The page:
When demonstrating compliance threatens to affect your business
Melissa Stevens 270005B76W MELISSAS@US.IBM.COM | | Tags:  security security-intelligence compliance pci automation
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Guest post by Dr. Jean Paul Ballerini, Sales Enablement for IBM Security.
There are few industries untouched by multiple regulations; businesses contend with regulations that control their accounting, IT security, operations, and so on and so forth – in addition to those that are sector specific. But all of this is for the good of the industry and to protect consumers.
If regulations are there for our own protection, why is there so much complaint about them? I’m sure that every now and then there are companies who feel that having to be compliant gets in the way of an “easier” way to run a business, to do accounting, to "do" security… But this isn’t the real issue: the true struggle is having to demonstrate compliance to auditors in order to avoid the consequences ranging from steep fines to seeing your business shut down. So, the million dollar question is, why does it have to be so complicated to demonstrate compliance?
When it comes to an IT security audit, the easiest questions only require showing that certain actions take place-- that actions are logged, that logs are collected, that backups are made, that there is a DRP, etc. The slightly more complex query will focus on proving that companies can stop events that shouldn’t happen; for example, that unauthorized users actually don’t have access to documents, that cyber-attacks are detected and blocked, that compromised systems are identified and cleaned, that logs cannot be manipulated or deleted without alerts triggering. The top of the chart goes to questions that require analysis of the security settings, such as showing the consistency among the access policies on all applications, among the firewall policies, and among the intrusion prevention policies.
The higher the complexity, the longer it takes a company to prove compliance to an auditor; I have seen companies spending several man-months to be able to show compliance. It is obvious that when the process takes that long it becomes very expensive and can impact the revenue margins of any company, in particular because the process of proving compliance is recurring and not a one-time expenditure.
So what can be done to handle this task simpler and cheaper? Two things: automation and security intelligence.
We all know replacing manual processes with automation can be a huge money saver, not only because automation usually works much faster but also because it standardizes the steps making it much simpler to prove compliance. For example, automating the collection of logs allows you to set triggers that will alert you when it doesn’t happen, catching two birds with one stone. The automation of the identity provisioning not only ensures that the correctly configured access rights are assigned but also helps speeding the process and enables employees to become productive much faster.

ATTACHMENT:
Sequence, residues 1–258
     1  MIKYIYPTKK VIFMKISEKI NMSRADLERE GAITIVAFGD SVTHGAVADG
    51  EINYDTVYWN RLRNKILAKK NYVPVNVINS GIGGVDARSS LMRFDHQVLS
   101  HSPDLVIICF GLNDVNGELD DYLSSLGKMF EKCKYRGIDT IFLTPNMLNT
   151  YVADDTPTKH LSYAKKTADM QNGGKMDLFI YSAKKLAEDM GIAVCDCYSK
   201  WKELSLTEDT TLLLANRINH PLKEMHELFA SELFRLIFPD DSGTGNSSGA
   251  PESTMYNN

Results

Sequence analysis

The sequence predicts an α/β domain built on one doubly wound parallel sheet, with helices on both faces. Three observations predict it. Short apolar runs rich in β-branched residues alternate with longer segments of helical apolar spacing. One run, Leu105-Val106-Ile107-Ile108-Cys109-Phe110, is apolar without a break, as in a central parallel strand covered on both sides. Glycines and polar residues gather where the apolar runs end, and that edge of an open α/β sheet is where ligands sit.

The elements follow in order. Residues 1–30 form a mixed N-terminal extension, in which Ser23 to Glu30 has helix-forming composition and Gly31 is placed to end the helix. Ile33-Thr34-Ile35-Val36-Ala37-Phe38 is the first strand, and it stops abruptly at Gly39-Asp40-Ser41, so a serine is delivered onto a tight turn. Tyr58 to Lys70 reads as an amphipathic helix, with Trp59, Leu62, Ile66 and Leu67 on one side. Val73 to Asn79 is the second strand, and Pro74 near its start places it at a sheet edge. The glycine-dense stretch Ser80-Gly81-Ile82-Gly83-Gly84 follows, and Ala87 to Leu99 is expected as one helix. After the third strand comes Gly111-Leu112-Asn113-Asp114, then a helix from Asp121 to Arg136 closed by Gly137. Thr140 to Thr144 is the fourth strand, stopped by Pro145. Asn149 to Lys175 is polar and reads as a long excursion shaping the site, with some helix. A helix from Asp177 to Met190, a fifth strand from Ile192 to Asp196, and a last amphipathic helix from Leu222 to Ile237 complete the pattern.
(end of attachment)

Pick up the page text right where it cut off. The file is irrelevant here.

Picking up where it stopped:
Security Intelligence is the glue that gives a meaning to the millions or even billions of events that can be generated by an IT infrastructure. When there are billions of log entries, how can a company state they know what is going on if they don’t have a security intelligence solution that not only collects the data but also correlates it in order to identify events and incidents, and enable the security staff to inspect and understand the bigger security picture rather than what point products can collect? The beauty of a security intelligence solution doesn’t only lie in making the security staff’s life easier, but also in the availability of reports that allow both the monitoring and demonstration of compliance. Monitoring compliance allows companies to quickly identify events that can prove costly, for example a configuration change, access to confidential information, etc.; demonstrating compliance allows companies to save the man-months that they are currently spending to run a manual process--repeatedly.
Do you want to take it a step further? Wouldn’t it be great to test the impact of a policy change rather than applying it and monitoring events to identify incidents or loss of compliance? That is possible and is exactly what risk management can do. This new frontier brings companies to be pre-emptive rather than reactive; instead of showing the auditors that they are able to detect security issues and fix compliance issues, companies can show that they verify the policies before applying them, making it even easier and less costly to abide by regulation and prove compliance, while reducing the risk of security incidents.
Read more on meeting PCI DSS requirements—even in virtual environments.
About the author:
Jean Paul Ballerini is a member of the World Wide Security Sales Enablement Team since January 2010. Prior, he was the Technical Sales Lead for IBM’s South West Europe region after having covered the role Senior Technology Solutions Expert for IBM Internet Security Systems for the previous six years. Since 2003, Ballerini has also served as the EMEA spokesperson for the X-Force, the IBM security research and development team.
He also holds a PhD in Computer Science and Law. In 2005 Ballerini became a CISSP, and since 2007 has also served as a Qualified Security Assessor for the Payment Card Industry. In June 2008 he was appointed an IBM certified Senior Technical Staff Member.